Take, for example, the alarm clock decision made first thing in the morning. In this situation, the easier way out is to allow ourselves extra sleep. After all, we could skip going to the gym before work, or making ourselves a nicer breakfast- there are granola bars we can grab and eat on the train. But, we are invariantly depriving ourselves of whatever activity we had planned for the morning, which, for nearly all non-drug addicts, would have had a positive impact on ourselves and our lives.
In addition, sleep pattern studies often indicate that post-alarm clock sleeping is among the least effective when it comes to sleep’s purpose; repairing body cells. For many of us, it does not even take until 7:00 A.M. to experience first-hand how taking the easier option of two possible choices leads to a “reward” that falls short of expectations.
In the 21st Century, we are commonly, and subconsciously choosing the “easier” path on a regular basis thanks to technology that offers us that option nearly constantly. Normal life hands us multiple situations a day, from waiting for a train, waiting for a friend to arrive at a bar, to waiting in line for lunch, where we have a simple choice between simply waiting and entertaining ourselves with the smart phones we now all have. Although it takes some physical effort to pull that phone out and decide which tweet to look at, it is by far “easier” for the masses to distract themselves with their devise than to face boredom, their own meandering thoughts, or even a potential awkward conversation with a stranger. That is why, everywhere we go these days, we see legions of people staring at their phones. Sometimes we even people out to dinner in a group all looking at their phones rather than interacting with one another!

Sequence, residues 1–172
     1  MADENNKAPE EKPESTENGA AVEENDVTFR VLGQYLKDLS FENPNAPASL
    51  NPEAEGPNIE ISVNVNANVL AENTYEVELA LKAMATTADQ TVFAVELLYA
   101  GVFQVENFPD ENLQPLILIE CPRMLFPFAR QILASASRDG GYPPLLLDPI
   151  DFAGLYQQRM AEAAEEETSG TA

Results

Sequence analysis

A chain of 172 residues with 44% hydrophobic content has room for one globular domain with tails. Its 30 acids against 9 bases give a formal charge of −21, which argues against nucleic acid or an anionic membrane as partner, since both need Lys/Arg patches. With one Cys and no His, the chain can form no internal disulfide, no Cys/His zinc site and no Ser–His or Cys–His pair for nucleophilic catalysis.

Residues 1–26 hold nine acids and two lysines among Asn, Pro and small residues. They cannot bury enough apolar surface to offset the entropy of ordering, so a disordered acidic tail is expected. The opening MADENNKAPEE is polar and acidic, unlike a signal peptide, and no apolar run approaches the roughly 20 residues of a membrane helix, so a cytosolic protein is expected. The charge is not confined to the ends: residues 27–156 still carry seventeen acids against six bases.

That same distraction has been available in nearly all of our homes (although that is starting to change), for over half a century now. It is called a television set, and it offers the easiest possible choice to the decision of what to do with our spare time. Calling up a friend and arranging a get-together takes more work. Choosing an activity takes more effort, and anything that requires physical exertion, such as hiking, certainly takes more effort. Heck, even reading takes more effort. But, all are more rewarding.